BPHR’s Director Lisa Salcido, SPHR, SHRM-SCP provides answers to your pressing HR questions.
Question: Does paid time off (holiday, sick, vacation) count toward overtime calculations?
Answer: No, only hours actually worked count toward overtime.
With the new federal overtime rule that will make over a million workers now eligible for overtime, it’s essential that employers manage and calculate overtime correctly.
The Fair Labor Standards Act (FLSA) requires employers to pay non-exempt employees time and one half of the employees’ regular rate of pay when hours worked exceed 40 in the workweek. Employers do not have to count paid time off (PTO), paid holidays, vacation, personal and sick hours when determining if employees are owed overtime pay for hours over 40 in a workweek. These hours are not actually “worked” and are therefore not counted toward overtime under the FLSA.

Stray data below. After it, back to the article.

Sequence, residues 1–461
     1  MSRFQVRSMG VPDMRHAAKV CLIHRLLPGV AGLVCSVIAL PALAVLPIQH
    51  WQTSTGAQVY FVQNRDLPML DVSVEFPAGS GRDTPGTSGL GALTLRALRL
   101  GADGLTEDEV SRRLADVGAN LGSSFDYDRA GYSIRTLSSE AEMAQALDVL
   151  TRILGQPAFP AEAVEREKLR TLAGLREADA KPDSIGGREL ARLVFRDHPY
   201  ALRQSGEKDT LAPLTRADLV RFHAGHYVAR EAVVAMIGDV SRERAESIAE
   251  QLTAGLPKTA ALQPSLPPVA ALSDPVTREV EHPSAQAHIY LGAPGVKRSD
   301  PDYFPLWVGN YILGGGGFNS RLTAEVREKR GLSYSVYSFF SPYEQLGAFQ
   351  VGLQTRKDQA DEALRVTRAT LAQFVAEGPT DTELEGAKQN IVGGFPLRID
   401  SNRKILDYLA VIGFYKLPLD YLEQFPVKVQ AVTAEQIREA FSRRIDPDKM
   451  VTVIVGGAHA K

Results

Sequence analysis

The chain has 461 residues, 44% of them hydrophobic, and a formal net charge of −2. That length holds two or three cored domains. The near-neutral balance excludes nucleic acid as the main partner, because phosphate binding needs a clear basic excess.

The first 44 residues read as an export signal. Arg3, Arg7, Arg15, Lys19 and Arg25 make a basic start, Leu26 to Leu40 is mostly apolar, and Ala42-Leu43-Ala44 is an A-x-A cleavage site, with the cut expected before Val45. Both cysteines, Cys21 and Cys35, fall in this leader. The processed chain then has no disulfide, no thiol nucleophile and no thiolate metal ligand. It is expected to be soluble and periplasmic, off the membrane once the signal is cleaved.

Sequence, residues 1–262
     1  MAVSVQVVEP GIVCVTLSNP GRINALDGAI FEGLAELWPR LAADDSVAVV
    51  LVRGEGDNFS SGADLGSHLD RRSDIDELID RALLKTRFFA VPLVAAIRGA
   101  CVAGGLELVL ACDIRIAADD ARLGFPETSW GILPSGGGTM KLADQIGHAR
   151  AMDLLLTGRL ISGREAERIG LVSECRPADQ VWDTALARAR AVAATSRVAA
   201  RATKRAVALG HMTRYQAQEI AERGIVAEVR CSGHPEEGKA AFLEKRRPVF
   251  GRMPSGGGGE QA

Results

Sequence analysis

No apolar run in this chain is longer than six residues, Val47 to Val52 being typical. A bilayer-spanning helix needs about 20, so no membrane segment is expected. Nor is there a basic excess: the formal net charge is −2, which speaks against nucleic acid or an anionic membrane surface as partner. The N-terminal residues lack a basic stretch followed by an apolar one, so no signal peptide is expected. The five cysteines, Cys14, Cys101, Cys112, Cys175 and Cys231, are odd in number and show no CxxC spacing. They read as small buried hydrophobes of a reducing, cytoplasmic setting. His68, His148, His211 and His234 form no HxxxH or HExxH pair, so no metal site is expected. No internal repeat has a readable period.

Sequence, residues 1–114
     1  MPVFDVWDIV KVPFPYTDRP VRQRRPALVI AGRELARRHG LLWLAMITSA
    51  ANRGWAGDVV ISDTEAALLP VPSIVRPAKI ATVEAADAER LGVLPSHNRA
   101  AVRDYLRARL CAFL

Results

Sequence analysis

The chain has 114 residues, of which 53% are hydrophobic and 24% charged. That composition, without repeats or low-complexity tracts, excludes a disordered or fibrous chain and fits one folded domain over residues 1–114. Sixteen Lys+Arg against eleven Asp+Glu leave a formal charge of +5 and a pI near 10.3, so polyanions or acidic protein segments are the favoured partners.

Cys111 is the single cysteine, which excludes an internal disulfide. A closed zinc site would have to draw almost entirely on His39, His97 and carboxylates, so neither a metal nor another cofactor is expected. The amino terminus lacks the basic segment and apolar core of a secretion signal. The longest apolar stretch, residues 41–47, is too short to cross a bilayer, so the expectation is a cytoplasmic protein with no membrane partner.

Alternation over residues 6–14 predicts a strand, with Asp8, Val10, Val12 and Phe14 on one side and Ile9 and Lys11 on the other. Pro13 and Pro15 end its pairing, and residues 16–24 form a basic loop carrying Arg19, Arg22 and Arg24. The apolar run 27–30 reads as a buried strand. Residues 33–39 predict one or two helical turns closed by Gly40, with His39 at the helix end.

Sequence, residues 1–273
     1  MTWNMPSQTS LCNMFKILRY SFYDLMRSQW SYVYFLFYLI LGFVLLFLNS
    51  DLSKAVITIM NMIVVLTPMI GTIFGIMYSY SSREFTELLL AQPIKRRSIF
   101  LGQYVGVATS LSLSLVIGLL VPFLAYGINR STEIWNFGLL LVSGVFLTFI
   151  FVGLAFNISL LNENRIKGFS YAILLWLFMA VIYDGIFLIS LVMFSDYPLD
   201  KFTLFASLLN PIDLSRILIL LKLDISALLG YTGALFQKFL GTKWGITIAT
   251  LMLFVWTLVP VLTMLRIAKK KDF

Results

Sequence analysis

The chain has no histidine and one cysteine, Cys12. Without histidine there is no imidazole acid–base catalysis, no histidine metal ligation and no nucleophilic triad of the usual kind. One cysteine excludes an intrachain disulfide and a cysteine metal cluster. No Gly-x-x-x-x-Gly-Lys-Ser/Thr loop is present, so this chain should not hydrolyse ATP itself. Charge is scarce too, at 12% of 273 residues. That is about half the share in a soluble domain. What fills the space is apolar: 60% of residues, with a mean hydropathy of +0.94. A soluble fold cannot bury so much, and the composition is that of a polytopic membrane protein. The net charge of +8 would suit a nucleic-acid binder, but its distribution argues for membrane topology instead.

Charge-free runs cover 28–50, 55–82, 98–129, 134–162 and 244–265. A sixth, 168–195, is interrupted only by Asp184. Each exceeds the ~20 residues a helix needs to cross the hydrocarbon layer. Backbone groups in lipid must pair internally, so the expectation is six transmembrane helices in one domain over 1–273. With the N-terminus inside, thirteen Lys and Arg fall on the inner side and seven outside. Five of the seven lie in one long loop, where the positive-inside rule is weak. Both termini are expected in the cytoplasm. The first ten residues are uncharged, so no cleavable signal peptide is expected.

For example, if Monday was a paid holiday observed by your company and no hours were worked, a non-exempt employee could still work a full 40 hours the remainder of this week without being owed any overtime pay. For a paid 8 hour holiday and 40 hours of work an employee would be paid 48 hours of straight time.
As another example, if a non-exempt employee works 34 hours Monday through Thursday and then takes 8 sick hours on Friday, the employee would be paid at their regular rate for the 42 hours. Overtime is calculated only on actual hours worked and not the total hours tracked for the workweek.
California is the exception, where daily overtime may be owed if an employee works more than 8 hours in a day. Employees correctly classified as exempt are not eligible for overtime.
To protect your company from wage theft claims, employee pay statements should show a breakdown of regular pay, paid time off and overtime.
Take a More Balanced Approach to HR
When tricky issues arise, you’ll appreciate having a knowledgeable resource by your side. That’s what you get as a BPHR client. Schedule your free phone consultation today to learn how your organization can benefit from our services.
Have a question for Lisa? Email her directly.
DISCLAIMER: The material presented on this page is for informational purposes only and does not constitute legal advice or legal opinion.